Creative Showcase
We want you to be as inspired by your peers as we are so we put this customer community together, showcasing their artistic journey. These interviews are our way of highlighting their artwork, their process, their motivation and inspirations, as well as the artwork they’ve used to design business cards or postcards on our high-quality papers.

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Nicolo Sertorio: Disconcerting Beauty that Blends Romanticism and Reality
December 6th, 2017
Nicolo Sertorio's photography draws you in and engages you until you start to discern multiple layers of depth and meaning. Often times leaving you with more questions than answers...

How did you get started in the visual arts?

I come from a family of art and science professors. After college, I got my MBA in Economics as an excuse to ‘escape’ Italy. While spending a year in India, I experience a personal transformation that allowed me to recognize the lifelong joy of chasing the dream that is art and trusting that the whole universe would open up to me.

How did you get to where you are now?
I started in the corporate world thanks to my MBA. After India, I knew my heart was not in my chosen field of study but rather that I wanted to pursue art. I started out as an general assistant, working with many different kinds of photographers. I was able to touch many different kinds of photography. I didn’t follow the money. For me, it has always been about pursuing a vision and ideal.


How would you describe your work?
I have been influenced by my experience both in Europe and in the U.S. I work in fine art and commercial photography, mixed media, collaboration, and conceptual art. I am passionate to pursue projects that directly responds to the surrounding environment, a world torn between the concept of landscape in the ‘romantic’ way of old European masters and harsher reality. My work sometimes radiates a latent violence and inner drama, while disconcerting beauty also emerges among the multiple layers of meaning. With a conceptual approach, I investigate the dynamics of ‘landscape’, including its manipulation and the limits on our assumptions of what it means to us.


Who else’s work has influenced or inspired your work?
I see my influences as best described into three countries. First, Germany. My aunt Beate Schiff was a sculptor and teacher at Düsseldorf Kunstakademie. Second, Italy and the Renaissance classics and Romantics that studied and truly revolutionized the arts there. Third, the United States – particularly, New Topographics that specialized in American landscape photography, Stephen Shore, Robert Mapplethorpe, Richard Misrach and 80’s era.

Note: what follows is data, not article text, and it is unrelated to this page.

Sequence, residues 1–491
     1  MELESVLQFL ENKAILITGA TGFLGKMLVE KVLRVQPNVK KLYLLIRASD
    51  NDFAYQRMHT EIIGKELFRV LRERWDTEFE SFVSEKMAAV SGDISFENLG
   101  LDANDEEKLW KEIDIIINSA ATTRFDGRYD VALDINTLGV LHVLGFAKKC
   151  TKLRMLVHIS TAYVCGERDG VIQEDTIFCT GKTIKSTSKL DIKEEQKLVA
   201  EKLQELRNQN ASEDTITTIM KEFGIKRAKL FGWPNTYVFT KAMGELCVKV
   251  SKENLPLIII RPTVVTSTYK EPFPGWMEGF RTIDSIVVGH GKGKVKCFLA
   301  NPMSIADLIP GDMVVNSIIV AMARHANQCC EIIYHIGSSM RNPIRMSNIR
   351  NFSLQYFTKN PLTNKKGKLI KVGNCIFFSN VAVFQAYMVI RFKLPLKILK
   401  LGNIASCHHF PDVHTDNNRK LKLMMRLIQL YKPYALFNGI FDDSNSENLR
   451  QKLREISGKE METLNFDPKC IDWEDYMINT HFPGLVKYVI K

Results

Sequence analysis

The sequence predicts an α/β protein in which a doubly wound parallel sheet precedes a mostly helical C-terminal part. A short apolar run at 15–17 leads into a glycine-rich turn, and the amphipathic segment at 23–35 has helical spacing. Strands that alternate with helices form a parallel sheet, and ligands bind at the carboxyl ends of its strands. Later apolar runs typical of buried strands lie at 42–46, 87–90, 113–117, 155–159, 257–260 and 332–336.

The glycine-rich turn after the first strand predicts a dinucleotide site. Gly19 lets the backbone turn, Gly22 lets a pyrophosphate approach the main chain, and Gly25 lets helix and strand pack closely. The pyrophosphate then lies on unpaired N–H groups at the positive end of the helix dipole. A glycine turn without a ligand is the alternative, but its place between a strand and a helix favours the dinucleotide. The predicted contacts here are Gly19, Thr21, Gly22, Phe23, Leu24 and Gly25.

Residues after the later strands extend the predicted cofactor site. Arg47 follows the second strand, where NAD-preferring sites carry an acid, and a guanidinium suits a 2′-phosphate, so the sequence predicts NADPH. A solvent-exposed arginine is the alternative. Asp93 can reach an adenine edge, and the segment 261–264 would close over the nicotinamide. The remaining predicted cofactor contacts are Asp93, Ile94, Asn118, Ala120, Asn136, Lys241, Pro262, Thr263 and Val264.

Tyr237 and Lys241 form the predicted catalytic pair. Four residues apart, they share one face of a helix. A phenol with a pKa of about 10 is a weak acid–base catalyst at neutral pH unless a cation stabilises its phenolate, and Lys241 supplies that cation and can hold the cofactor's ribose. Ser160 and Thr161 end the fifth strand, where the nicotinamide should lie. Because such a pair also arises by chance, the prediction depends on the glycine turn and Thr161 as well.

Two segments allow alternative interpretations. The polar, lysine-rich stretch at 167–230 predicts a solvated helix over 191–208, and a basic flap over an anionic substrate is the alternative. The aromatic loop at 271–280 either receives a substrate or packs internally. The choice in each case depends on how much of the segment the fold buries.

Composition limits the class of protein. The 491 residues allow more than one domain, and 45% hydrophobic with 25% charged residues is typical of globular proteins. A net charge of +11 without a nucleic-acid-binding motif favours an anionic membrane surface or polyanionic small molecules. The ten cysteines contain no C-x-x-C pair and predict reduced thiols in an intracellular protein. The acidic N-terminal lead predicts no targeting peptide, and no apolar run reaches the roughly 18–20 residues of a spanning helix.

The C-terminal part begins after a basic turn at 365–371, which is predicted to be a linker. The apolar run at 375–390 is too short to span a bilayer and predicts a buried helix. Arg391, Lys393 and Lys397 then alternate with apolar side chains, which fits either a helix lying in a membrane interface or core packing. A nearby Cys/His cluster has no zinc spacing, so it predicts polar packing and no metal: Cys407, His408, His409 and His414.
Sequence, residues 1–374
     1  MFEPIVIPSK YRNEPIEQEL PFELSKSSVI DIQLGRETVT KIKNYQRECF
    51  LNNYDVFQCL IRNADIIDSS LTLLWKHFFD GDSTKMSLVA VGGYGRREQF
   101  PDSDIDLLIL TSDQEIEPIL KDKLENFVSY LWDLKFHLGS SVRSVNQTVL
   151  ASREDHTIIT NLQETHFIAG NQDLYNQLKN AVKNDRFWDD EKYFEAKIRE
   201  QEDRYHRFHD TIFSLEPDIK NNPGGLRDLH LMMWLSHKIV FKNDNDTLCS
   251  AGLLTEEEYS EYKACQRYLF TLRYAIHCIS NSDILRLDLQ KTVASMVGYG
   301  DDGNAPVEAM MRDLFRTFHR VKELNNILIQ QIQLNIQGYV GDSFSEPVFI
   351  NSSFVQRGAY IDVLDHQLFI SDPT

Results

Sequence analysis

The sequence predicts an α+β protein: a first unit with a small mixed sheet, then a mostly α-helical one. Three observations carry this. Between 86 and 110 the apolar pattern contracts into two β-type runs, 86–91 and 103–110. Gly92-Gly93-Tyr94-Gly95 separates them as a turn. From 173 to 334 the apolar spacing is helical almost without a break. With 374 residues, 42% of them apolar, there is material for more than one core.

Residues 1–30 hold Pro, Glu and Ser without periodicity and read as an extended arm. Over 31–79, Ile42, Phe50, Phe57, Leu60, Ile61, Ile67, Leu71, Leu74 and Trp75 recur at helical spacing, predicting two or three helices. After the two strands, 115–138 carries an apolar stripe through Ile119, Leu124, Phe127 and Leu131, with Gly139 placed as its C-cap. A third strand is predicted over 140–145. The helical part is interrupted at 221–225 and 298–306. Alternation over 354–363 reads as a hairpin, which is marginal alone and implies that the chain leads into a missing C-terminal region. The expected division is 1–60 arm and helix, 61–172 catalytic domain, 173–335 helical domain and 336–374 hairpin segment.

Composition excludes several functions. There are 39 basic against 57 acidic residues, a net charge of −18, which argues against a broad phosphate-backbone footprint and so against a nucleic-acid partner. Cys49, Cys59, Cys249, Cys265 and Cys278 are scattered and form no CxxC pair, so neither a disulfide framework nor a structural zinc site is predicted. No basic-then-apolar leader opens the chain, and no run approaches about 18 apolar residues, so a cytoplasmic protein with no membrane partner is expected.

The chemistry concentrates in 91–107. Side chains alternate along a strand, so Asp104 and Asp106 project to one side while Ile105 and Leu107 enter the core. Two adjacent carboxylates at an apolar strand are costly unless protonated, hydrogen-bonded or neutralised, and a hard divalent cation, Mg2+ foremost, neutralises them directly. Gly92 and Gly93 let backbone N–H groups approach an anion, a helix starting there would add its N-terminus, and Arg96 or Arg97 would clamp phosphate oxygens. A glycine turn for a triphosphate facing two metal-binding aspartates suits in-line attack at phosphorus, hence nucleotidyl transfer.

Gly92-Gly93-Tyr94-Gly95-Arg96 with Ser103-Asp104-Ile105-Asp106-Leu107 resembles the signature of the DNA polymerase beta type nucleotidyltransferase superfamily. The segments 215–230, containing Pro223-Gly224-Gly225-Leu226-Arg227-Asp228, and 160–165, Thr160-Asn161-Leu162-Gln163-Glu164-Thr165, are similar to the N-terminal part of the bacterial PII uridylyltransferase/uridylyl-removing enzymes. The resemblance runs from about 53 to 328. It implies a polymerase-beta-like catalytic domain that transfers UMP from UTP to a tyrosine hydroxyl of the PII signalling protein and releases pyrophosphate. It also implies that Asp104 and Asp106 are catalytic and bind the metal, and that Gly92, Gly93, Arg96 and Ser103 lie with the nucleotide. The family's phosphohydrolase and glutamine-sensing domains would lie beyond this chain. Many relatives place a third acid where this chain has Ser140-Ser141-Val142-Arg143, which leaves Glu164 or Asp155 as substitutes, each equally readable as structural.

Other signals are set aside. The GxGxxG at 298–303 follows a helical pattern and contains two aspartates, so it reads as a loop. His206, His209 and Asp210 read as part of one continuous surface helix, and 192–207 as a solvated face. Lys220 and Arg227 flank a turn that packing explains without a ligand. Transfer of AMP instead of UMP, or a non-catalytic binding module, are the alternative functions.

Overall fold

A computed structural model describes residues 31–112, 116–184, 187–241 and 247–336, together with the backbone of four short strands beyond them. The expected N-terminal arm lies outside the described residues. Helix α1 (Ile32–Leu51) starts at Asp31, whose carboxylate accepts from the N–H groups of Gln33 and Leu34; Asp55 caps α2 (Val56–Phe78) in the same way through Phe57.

Can you tell us about your creative process?
My creative process is best described as a balance between the rational and the unconscious. I have spent years developing the technical, cultural and visual know-how; I have studied the work of many others–painting, motion and video–I have dedicated myself to learn new equipment, new techniques. The power is when one is able to combine technique with inspiration to form one powerful moment of communication.


What’s it like being a freelancer?
High highs and low lows. Being a freelancer has forced me to experience ongoing personal growth and constant navigation of the extremes. As you might expect, the freelance lifestyle does not ensure regular income nor stability of any kind. However, for me, the irregularity and spontaneity allow for incredible flexibility, empowering responsibility and a life better lived. I am beholden only to myself and I am free to create.

What advice have you got for other freelancers?
Be patient. Diversify–your interests, your projects, your contacts. Love the instability. Make friends, always make friends. Not only will friends enhance your life, but particularly in the freelance world, they drive your future.

How do you grow and promote your business?
Like anything, the drive must come from within. I have an unrelenting passion for my work which pushes me constantly to engage in my community whether that be online, social media or in-person events.


How do you tailor your work for your clients?
I do a lot of research to stay aware of what is out there. I have a broad technical spectrum and am able to execute a good number of angles if you will, but I am partial to certain features that remain constant in much of my projects: negative space, emotion, depth, etc. My style is one that I am constantly honing to greater levels of excellence.

What interesting projects have you worked on?
My current project is the series ‘(Dis)Connected’. It was born of the idea that the current sense of disenfranchisement derives from the fundamental disconnect we have from the natural world and the social isolation that comes with it. In turn, the perception of the natural environment as something external drives our uses and abuses of resources. It is showing in five different group shows at five different museums and galleries–which is truly amazing and I am very delighted.


What areas of your work are you hoping to explore further?
In the future, I hope to engage a further integration of fine-art and commercial spaces. They are very distant disciplines, but I believe fine-art drives the commercial spaces. I don’t have the answer yet, but I’m looking to see if there is a way to bring the subject matter closer together. Reflecting upon where I have come from to where I am now to the future of what I hope to accomplish inspires me even more to pursue that which I am so passionate about. Thank you again,, for giving me this opportunity.

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